A cataract is a condition where the natural lens of the eye becomes cloudy, leading to vision problems. People with cataracts often describe their vision as similar to looking through a frosted or fogged-up window. This clouded vision can make it difficult to read, drive, especially at night, and recognize facial expressions.
In the beginning, using brighter lights and wearing glasses can help with cataract-related vision problems. However, if your impaired vision starts to interfere with your daily activities, you might need cataract surgery, which is done by an eye specialist called an Ophthalmologist. It is generally considered a safe and effective procedure to improve vision and quality of life.
Cataracts often present with the following signs and symptoms:
The initial stages of a cataract may cause minor cloudiness in the lens, potentially going unnoticed with no significant vision loss. However, as the cataract enlarges, it progressively clouds more of the lens and distorts light, resulting in more apparent symptoms. If you observe any changes in your vision, it is essential to schedule an eye exam. Additionally, if you experience sudden vision changes like double vision, flashes of light, sudden eye pain, or headaches, seek immediate medical attention from your doctor.
Cataracts mainly occur due to the gradual deterioration of proteins in the eye’s lens. Factors like aging or injury can lead to changes in the lens tissue, causing proteins and fibers to break down. This breakdown results in hazy or cloudy vision. Additionally, certain genetic disorders can increase the risk of cataracts, as well as other eye conditions, past eye surgeries, medical conditions like diabetes, and prolonged use of steroid medications.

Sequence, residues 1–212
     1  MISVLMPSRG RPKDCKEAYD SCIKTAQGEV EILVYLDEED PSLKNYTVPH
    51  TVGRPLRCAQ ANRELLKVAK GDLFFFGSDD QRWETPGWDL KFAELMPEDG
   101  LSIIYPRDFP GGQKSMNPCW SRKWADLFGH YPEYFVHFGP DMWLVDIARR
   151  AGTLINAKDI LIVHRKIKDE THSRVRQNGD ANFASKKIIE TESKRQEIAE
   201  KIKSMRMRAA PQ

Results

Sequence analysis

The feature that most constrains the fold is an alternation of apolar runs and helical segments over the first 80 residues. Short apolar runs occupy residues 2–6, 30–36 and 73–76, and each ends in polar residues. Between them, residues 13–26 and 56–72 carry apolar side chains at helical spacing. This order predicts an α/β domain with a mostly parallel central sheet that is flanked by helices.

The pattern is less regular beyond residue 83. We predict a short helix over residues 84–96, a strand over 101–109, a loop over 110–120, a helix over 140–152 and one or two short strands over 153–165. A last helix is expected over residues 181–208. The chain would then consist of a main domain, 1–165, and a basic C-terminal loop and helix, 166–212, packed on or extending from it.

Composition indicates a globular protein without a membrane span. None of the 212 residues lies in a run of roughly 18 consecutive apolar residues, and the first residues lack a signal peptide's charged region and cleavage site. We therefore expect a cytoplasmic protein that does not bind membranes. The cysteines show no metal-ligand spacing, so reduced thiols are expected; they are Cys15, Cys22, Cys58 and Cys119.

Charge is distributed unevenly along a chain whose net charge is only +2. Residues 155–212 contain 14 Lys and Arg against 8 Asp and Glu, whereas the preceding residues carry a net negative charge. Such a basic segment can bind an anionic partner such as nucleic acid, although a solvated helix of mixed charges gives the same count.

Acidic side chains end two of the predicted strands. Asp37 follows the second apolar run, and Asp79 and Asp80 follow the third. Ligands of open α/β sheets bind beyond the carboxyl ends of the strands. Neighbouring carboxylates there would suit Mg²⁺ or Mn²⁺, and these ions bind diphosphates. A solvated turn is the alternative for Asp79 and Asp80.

A cataract is like a cloudy cover that forms over the lens of your eye, which is located behind the colored part called the iris. The lens normally helps focus light on the retina, which acts like the film in a camera and helps you see clear images. However, as you get older, the lens becomes less flexible, less transparent, and thicker. This aging process, along with certain medical conditions, causes proteins and fibers in the lens to clump together and form a cloud, making it difficult for light to pass through. This cloudiness scatters and blocks the light, leading to blurry vision.
Cataracts usually develop in both eyes, but they might not progress at the same speed. One eye may have a more advanced cataract than the other, causing differences in vision between the two eyes. As the cataract becomes denser over time, the blurriness in vision increases, making it harder to see clearly.
There are different types of cataracts, which include:
The following factors raise your chance of cataracts:
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